Behind Enemy Lines: Part III

Our experts, Bill Huber of Packer Report and John Crist of Bear Report, go Behind Enemy Lines to take a closer look at Sunday's Week 11 matchup between the Packers and rival Bears at Lambeau Field. Let's finish this three-part series with some matchups to watch and final predictions.

RB Matt Forte vs. LB A.J. Hawk:
Hawk takes over for injured Nick Barnett at middle linebacker and will be charged with improving one of the league's worst run defenses. Hawk certainly has the talent to succeed, but he's a novice at the position and will be getting up close and personal with standout Bears center Olin Kreutz.

On the other side of the ball, Forte isn't playing like a rookie. He's earned attention from the Packers' defense because of his physical style and vision. Forte is one of the top receiving backs in the NFL, and Hawk's struggles in pass defense earned him a seat on the bench at times earlier this season.

TEs Desmond Clark and Greg Olsen vs. FS Nick Collins and SS Atari Bigby: It's safe to say that Green Bay's cornerbacks are better than Chicago's wide receivers, so it will most likely be up to Clark and Olsen to do some damage through the air. Since Rashied Davis and Marty Booker can't be expected to beat Charles Woodson and Al Harris consistently, Clark and Olsen have to work the middle of the field and get some separation from Collins and Bigby. The Packers have made a ton of big plays in the secondary and seem to register a pick-six every week, although neither of their hard-hitting safeties is a particularly great cover guy.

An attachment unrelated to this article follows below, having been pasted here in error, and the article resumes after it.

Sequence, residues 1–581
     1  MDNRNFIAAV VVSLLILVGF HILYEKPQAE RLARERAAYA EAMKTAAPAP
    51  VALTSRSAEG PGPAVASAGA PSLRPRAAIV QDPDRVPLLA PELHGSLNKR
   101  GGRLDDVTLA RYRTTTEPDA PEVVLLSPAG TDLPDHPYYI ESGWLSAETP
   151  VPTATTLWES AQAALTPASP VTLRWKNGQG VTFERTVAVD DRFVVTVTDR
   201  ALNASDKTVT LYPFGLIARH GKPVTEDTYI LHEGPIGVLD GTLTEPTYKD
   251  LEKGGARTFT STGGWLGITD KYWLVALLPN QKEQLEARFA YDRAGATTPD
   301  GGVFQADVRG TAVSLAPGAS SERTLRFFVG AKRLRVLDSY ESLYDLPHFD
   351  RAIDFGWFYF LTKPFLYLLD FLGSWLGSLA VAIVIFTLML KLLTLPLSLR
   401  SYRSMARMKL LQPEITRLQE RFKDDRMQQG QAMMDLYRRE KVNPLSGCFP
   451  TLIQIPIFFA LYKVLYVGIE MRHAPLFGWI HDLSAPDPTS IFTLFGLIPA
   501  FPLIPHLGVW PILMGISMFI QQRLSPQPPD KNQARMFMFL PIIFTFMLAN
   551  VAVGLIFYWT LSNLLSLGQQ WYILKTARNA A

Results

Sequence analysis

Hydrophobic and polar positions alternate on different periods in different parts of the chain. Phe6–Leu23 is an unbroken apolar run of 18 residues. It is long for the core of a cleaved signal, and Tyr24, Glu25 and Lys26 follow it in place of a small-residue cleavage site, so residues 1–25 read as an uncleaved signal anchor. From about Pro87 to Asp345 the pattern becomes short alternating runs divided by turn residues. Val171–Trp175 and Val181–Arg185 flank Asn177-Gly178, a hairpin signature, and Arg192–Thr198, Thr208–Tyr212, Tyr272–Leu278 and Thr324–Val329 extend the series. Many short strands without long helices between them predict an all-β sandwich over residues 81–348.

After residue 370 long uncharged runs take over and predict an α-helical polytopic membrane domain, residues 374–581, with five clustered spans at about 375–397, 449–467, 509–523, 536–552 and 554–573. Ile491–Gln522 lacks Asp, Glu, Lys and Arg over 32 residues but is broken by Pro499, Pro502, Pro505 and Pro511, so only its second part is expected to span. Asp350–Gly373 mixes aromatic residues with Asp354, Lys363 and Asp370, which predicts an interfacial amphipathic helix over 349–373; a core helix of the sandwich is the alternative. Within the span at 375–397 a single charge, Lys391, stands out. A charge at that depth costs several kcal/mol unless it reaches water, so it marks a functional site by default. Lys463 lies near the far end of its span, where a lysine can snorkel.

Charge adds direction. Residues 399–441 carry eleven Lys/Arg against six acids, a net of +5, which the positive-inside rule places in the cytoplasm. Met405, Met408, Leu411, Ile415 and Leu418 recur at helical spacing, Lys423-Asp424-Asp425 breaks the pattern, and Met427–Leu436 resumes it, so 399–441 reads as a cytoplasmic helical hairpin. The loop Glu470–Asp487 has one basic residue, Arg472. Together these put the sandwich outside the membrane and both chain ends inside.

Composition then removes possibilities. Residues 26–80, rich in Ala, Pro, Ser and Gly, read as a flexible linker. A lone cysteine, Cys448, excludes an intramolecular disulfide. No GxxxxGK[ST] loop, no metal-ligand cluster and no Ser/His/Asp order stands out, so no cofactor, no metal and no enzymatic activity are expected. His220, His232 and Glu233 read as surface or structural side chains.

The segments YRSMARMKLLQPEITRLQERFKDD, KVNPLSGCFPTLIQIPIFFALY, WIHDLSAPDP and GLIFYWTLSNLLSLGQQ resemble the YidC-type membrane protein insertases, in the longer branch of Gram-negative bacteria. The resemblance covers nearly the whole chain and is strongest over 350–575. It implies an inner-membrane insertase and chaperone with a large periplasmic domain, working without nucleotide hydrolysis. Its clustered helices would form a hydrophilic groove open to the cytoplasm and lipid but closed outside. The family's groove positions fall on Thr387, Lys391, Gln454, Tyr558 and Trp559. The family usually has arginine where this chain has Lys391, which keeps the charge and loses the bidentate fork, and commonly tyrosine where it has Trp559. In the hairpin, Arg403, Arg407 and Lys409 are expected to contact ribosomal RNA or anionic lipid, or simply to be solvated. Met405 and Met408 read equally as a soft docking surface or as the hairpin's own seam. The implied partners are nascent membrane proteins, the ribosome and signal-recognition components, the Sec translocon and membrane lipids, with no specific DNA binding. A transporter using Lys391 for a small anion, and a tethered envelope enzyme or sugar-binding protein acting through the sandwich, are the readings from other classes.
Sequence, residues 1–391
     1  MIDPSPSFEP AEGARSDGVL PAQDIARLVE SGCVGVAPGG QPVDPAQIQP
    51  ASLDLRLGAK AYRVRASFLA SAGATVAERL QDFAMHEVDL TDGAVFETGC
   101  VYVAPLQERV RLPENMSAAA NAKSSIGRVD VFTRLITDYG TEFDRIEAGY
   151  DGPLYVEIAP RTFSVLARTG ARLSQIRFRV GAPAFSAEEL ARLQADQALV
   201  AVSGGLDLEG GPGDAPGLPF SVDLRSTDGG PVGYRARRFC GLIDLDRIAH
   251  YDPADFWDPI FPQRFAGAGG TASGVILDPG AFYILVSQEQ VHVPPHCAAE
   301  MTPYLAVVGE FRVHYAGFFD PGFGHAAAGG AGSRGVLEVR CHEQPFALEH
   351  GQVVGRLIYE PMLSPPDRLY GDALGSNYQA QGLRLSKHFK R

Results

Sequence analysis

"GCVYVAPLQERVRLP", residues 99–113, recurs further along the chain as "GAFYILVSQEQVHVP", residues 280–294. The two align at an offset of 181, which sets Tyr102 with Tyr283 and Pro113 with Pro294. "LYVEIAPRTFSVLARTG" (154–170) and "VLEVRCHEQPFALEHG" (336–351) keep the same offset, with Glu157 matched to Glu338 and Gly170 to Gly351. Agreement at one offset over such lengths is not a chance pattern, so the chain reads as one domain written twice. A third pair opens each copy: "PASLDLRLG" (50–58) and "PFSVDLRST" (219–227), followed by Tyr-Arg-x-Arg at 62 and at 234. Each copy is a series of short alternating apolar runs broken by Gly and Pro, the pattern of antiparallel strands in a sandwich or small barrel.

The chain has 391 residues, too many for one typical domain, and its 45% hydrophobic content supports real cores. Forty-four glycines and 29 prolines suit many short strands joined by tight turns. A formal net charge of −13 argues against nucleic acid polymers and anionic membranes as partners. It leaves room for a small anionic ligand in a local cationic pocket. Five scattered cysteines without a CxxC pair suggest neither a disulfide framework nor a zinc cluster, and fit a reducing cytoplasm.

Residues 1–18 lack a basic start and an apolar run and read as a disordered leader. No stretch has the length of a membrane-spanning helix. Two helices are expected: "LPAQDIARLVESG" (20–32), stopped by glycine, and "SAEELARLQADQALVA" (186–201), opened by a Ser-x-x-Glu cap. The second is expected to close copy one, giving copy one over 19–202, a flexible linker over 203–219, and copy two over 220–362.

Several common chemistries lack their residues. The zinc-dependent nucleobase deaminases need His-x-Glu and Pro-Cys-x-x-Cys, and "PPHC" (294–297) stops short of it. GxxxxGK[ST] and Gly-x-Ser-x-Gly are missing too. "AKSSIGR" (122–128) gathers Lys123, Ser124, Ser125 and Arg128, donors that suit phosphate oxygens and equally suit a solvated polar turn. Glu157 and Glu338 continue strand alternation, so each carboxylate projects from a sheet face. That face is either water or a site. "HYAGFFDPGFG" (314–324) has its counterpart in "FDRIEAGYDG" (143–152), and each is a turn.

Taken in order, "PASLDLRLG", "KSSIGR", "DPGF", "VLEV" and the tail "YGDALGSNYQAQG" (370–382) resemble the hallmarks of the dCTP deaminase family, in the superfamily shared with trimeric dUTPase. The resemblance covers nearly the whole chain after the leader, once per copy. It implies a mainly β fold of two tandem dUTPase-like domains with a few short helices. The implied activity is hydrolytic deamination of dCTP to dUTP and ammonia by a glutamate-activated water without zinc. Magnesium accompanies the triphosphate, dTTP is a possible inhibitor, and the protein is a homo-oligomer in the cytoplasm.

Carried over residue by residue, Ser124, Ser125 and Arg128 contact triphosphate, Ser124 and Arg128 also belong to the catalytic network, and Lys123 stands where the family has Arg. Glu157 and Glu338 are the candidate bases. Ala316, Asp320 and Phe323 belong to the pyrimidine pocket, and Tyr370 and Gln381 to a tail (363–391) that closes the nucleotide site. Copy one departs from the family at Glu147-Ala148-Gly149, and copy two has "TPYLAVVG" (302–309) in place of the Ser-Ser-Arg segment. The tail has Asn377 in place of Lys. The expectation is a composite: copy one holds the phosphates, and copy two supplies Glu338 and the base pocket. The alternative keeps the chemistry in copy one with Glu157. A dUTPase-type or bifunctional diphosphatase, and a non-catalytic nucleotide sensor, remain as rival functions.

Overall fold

Rex Grossman couldn't get the tight ends involved last Sunday against the Titans, but Kyle Orton has more success on short and intermediate throws and should jumpstart the air attack as a result.

Green Bay Offensive Line vs. Chicago Defensive Line:
Last week at Minnesota, the Packers' offensive line was demolished by the Vikings' aggressive front seven. The Bears' defensive line isn't quite as good as the Vikings', but Chicago has a superior linebacker corps led by Brian Urlacher and Lance Briggs.

WR Jordy Nelson
Greg Trott/Getty Images

Bears coach Lovie Smith, a defense-first guy to begin with, no doubt will try to attack Packers quarterback Aaron Rodgers in much the same way. If the Packers' blockers are up to the task, there will be big plays available routinely against Chicago's suspect secondary. If not, it will be another long, painful day for Rodgers and the Packers' offense.

Green Bay Big 5 vs. Chicago Secondary: As if the Bears weren't having enough trouble defending the pass this season, now they have to face the Packers and arguably the deepest crop of receivers in the league. Both Greg Jennings and Donald Driver are on pace for 70-plus receptions, James Jones and Ruvell Martin can present major matchup problems because of their size, and rookie Jordy Nelson has already delivered a few big plays this season. Green Bay hasn't deployed its Big 5 formation too often yet because Jones has missed some time with injury, but this is the week to empty the backfield and play some backyard football – especially since the Bears don't feature a dime package in their defensive scheme.